Service-Learning & Civic Engagement
2007 Service-Learning Fellows
(In Alphabetical Order)
Each Fellow received a $750 honorarium and a handsome commemorative plaque awarded at the annual Student-Faculty Scholarship Recognition Event on April 24, 2007. (Note that the first award was split between two faculty members in the same department who applied together.)
Jeff Barnes and Robin Boneck
Teaching within SUU’s highly regarded Accounting Program, Associate Professor Jeff Barnes and Assistant Professor Robin Boneck applied together since each employs service-learning in related accounting classes. Jeff teaches Accounting 4200, Tax Research, for seniors, and Robin Boneck offers Accounting 3200, Tax, for juniors.
Each year, approximately 35 students from ACCT 4200, Tax Research, and 30 Students from ACCT 3200, Tax 1, courses are required to become certified with the IRS as qualified VITA (Volunteer Income Tax Assistance) volunteers. Upon certification, students are able to present themselves to the public and provide free income tax assistance to the Iron County area residents, with income levels lower than $38,000. The VITA service is performed in the Steve D. Harrop Finance/Service Learning Lab in BU 108, of the Dixie Leavitt Business Building. The VITA service/learning experience is expected to perform 400-500 individual tax returns for 2007, providing a fair-market value service of approximately $40,000 to $50,000. Note: the value of this service has increased since their application.
As an Associate Professor of Psychology, Steve Barney is one of SUU’s most experienced service-learning practitioners. He is also a member of the Utah Campus Compact’s Faculty Consulting Corps. For years, he has integrated service-learning into General Psychology 1010, a large-enrollment introductory course.
Students are asked to identify, explore, understand, and then challenge their stereotypes, biases, and prejudices by having them serve for or with people who are a part of their stereotyped group. They are required to spend between 6-10 hours serving members of that group. They may also opt to serve with members of the stereotyped group in some form of organized service project. Students then reflect on their experience in a paper and a summary page returned back to the site where the service took place. Careful attention is devoted to helping student apply principles from the course in clarifying how their biases or prejudicial beliefs were formed, maintained, and strengthened through the years; the impact their beliefs have on them, their community, and the world around them; and in providing them methods and techniques for changing current attitudes and behaviors in themselves and in others. Based on surveys taken every semester, Steve Barney reports that over 79% of students respond that participating in this project helped them reduce or eliminate previously held stereotypes, prejudices, and biases.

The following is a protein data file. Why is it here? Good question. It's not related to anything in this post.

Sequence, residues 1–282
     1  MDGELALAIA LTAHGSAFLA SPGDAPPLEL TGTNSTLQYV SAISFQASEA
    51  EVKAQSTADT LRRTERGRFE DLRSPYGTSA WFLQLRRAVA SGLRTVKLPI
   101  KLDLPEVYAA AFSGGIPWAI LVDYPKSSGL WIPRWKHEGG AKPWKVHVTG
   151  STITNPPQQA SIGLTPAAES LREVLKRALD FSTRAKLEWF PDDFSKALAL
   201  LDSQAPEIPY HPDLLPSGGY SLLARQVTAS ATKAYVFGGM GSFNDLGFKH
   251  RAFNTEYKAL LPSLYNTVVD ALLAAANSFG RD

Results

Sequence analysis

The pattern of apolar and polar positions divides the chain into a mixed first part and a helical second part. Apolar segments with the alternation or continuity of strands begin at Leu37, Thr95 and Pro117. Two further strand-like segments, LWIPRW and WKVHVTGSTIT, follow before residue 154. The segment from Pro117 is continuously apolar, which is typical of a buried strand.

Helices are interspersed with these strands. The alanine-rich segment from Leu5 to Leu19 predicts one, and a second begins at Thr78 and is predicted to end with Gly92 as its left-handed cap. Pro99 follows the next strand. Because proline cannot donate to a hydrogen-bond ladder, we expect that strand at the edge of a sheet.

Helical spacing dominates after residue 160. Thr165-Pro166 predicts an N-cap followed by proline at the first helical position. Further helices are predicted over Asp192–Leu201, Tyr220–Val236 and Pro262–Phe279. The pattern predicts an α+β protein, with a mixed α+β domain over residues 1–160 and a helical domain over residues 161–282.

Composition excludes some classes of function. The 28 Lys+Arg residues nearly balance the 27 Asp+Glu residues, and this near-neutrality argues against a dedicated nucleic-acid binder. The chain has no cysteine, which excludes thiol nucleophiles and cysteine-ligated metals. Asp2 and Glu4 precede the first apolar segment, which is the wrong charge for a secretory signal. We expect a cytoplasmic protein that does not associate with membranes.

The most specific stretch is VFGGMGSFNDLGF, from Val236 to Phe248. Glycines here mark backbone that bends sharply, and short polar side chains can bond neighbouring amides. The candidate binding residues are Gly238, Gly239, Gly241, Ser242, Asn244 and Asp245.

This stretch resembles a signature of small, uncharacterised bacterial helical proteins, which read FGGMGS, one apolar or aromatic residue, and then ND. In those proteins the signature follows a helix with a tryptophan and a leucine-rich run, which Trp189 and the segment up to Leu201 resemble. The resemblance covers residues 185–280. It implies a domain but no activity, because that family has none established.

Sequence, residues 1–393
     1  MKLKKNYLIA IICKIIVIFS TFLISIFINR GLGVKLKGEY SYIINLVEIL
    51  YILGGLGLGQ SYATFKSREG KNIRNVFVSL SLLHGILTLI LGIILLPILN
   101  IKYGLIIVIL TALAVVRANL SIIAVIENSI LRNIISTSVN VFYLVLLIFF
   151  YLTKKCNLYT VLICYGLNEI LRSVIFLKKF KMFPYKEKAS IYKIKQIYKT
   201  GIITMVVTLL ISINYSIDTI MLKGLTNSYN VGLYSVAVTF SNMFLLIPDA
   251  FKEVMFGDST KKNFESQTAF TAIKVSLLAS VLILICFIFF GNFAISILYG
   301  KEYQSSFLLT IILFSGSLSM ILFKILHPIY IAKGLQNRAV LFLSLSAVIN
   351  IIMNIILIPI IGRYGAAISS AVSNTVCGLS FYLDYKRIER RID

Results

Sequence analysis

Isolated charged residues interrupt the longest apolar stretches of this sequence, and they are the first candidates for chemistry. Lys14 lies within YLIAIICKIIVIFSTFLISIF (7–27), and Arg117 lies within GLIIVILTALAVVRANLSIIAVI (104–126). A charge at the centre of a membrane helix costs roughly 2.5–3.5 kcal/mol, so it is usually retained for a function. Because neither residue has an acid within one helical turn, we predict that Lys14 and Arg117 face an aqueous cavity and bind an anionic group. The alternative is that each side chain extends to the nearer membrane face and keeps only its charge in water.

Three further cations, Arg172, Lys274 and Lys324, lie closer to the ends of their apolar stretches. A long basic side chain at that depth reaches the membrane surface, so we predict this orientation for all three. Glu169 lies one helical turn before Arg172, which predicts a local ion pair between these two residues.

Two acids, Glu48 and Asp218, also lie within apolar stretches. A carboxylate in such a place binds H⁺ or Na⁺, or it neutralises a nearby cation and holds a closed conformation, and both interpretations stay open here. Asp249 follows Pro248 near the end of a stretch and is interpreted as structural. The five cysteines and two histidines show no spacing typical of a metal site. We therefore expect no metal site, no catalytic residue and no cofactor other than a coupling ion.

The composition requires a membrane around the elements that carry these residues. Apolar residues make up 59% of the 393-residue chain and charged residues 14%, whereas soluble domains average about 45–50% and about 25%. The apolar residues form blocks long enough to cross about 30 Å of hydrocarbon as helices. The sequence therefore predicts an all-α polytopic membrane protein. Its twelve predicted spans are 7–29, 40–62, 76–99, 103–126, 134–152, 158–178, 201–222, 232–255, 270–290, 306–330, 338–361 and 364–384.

Also a member of the Psychology Department, Assistant Professor Heath Earl utilizes service-learning in an upper-level course, Psychology 4310, Abnormal Psychology.